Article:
One of the most versatile rock stars of all-time who could – and did – tackle any stylistic variation of the music over forty years, mastering two lead instruments while scoring hits in each decade from the mid-1950’s through the mid-1990’s.

John Watson was born in Texas in February 1935, playing piano, as his father did, before picking up guitar which was his grandfather’s instrument of choice. Moving to California in 1950, Watson wasted no time before becoming ensconced in the Los Angeles rock scene playing piano and singing with Chuck Higgins Mellotones in 1952.

When Watson’s desire to switch to guitar threatened to upstage saxophonist Higgins, he departed the group and signed with Federal Records as a solo act dubbed Young John Watson, not yet 18 years old. Yet he still wasn’t allowed to play guitar on his initial sides which included a slowed-down version of the song he cut with Higgins the year before, all of which showed his versatility, strong but lithe voice and his vivid writing skill.

Finally in 1954 Watson got to play his preferred instrument and shocked listeners with the groundbreaking “Space Guitar”, an instrumental that showcased his talent in the most electrifying manner possible. Despite the excitement the record caused in those who heard it, not enough people did to propel it onto the charts and in 1955 he landed at RPM Records where he scored his first hit with a fairly faithful cover of Earl King’s “Those Lonely Lonely Nights”.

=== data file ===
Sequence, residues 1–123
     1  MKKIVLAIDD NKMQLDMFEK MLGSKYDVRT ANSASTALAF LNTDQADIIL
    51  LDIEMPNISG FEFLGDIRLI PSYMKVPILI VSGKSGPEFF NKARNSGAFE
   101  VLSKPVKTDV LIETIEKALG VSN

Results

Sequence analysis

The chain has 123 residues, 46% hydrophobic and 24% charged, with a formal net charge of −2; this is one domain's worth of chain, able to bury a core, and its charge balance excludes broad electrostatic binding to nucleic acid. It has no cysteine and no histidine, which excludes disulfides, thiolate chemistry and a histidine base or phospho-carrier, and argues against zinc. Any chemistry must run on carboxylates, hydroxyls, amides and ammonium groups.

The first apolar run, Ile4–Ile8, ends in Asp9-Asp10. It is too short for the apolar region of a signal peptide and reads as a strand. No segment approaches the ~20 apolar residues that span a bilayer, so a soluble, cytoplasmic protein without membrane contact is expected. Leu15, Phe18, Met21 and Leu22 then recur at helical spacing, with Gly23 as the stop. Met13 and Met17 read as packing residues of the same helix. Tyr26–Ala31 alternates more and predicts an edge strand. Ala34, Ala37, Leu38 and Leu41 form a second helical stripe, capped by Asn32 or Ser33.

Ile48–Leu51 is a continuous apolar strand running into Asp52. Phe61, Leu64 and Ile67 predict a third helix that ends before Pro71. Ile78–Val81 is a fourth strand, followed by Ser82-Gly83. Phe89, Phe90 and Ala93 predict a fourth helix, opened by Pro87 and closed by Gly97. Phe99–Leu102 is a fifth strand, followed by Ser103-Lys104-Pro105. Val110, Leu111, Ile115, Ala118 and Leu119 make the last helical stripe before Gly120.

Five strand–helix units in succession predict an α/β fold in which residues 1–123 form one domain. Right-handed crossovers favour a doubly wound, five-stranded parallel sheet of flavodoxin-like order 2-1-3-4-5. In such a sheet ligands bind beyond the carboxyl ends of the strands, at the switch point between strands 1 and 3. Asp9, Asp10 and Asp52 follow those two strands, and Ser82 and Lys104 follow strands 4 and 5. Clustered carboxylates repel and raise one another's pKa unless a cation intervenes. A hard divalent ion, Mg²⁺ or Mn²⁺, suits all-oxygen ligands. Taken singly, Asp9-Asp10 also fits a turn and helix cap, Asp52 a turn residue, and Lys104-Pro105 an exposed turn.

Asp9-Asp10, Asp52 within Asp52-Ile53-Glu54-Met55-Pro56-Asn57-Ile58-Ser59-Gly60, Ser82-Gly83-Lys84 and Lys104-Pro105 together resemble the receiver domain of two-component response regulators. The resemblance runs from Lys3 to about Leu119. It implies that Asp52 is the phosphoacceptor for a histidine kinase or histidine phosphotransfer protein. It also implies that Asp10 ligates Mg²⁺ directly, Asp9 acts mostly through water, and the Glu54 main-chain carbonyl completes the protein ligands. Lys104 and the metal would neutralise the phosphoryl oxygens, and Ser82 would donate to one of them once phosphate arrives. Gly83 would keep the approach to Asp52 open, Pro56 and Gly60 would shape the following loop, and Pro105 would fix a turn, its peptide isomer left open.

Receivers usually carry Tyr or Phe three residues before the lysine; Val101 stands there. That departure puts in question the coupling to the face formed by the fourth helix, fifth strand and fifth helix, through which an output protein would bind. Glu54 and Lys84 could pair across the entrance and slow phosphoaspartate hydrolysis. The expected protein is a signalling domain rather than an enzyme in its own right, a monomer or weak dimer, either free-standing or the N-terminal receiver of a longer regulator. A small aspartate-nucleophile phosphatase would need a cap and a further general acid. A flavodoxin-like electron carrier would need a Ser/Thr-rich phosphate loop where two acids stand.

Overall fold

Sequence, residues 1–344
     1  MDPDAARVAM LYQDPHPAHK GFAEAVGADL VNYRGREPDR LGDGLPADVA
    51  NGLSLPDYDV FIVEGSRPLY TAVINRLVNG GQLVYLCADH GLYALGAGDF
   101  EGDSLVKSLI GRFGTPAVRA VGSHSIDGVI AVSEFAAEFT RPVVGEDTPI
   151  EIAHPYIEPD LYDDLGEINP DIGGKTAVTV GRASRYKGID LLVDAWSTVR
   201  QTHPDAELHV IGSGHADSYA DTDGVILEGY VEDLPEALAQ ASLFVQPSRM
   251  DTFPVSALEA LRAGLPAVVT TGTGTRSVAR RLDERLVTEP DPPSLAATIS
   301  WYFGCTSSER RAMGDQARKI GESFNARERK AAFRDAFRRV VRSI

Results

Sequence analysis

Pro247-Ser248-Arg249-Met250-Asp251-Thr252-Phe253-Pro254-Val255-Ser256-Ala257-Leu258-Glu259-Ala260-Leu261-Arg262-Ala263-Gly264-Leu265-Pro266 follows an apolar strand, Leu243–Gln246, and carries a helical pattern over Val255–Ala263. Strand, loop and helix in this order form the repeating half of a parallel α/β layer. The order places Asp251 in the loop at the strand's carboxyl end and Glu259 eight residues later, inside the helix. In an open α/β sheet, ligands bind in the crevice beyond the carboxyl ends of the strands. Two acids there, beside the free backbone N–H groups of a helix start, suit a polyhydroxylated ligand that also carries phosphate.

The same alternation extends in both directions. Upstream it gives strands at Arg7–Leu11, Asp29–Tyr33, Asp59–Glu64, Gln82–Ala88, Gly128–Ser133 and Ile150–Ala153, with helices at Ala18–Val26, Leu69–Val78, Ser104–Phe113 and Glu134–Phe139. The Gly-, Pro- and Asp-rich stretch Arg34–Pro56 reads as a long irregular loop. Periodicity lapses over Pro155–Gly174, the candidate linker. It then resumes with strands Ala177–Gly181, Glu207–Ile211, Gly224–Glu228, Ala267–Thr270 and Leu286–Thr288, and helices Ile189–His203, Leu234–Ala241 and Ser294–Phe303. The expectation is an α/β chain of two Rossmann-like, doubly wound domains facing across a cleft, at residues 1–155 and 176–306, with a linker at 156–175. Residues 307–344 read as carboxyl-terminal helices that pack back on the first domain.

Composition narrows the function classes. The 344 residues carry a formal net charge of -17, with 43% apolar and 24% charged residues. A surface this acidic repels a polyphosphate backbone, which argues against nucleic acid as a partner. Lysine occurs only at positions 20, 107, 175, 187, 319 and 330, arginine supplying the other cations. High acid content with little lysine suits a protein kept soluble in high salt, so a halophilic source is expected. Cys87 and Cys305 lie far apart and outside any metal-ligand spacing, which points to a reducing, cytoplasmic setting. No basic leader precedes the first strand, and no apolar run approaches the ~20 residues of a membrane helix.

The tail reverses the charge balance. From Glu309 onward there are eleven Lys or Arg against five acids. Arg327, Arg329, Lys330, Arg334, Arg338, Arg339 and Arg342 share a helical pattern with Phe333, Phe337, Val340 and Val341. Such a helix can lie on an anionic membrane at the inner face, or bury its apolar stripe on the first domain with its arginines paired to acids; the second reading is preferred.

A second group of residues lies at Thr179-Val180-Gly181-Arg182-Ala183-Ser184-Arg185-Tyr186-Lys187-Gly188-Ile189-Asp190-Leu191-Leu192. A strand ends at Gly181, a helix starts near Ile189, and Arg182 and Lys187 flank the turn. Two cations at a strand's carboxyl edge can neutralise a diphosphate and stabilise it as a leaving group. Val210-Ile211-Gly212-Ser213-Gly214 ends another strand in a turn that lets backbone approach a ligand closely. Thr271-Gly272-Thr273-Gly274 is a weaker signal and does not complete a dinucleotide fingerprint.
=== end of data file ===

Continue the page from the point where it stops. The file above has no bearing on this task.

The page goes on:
The rest of the 1950’ saw him joining Jesse Belvin in various makeshift doo wop groups, as well as cutting the original version of his anthem “Gangster Of Love” for the small Keen label before heading to King Records to kick off the new decade where he worked with Johnny Otis and scored his second national hit with the country-styled composition, “Cuttin’ In”. Soon though he laid down a jazz album, cut a string of snarling rock singles and toured England with pal Larry Williams, with whom he recorded a few albums including the Northern Soul favorite Two For The Price Of One whose cover laid down the look of the pimp-rock/rap image.

By the 1970’s when his career should’ve been fading after twenty years it started to pick up again as he adopted the funk-rock sounds that were dominating the era and with his guitar adding new wrinkles to the style he scored a succession of hit albums and singles broadening his gangster of rock persona. At the start of the 1980’s he scored a hit with a proto-rap tune, moved into synth-rock and in the 90’s he notched two more hits while his older music began getting sampled for hip-hop.

While his mainstream success was limited, though widely spaced over over forty years, his influence seemed to know no bounds, as he was Frank Zappa’s primary guitar inspiration, Etta James’ model for singing ballads and Snoop Dogg took his signature phrase “Bow wow wow, yippie-yo, yippie-aye” directly from Watson.

Before his death from cancer, Frank Zappa made it clear that should be be posthumously elected into the Rock ‘n’ Roll Hall Of Fame he wanted Watson to induct him. The Hall refused on the basis that despite his own success over multiple generations he wasn’t widely known, which more or less tells you that his own career has no respect from an institution rumored to be dedicated to celebrating the history of rock ‘n’ roll… a style of music that Johnny Watson embodied for four decades, playing virtually every type of rock successfully during that time.

He even died like a rock star, in the middle of a song on stage while on tour in Japan in 1996. He was 61 years old and had spent the last 44 years as one of rock’s most versatile and unpredictable weapons.

JOHNNY “GUITAR” WATSON DISCOGRAPHY (Records Reviewed To Date On Spontaneous Lunacy):

(Combo 12; December, 1952)
As sideman to… Chuck Higgins

(Combo 12; December, 1952)
As singer/pianist to Chuck Higgins. A breakout performance by Watson whose irrepressible energy fuels this self-penned track that he sings at reckless speed with clever lyrics and unquenchable enthusiasm while the band hangs on tight. (8)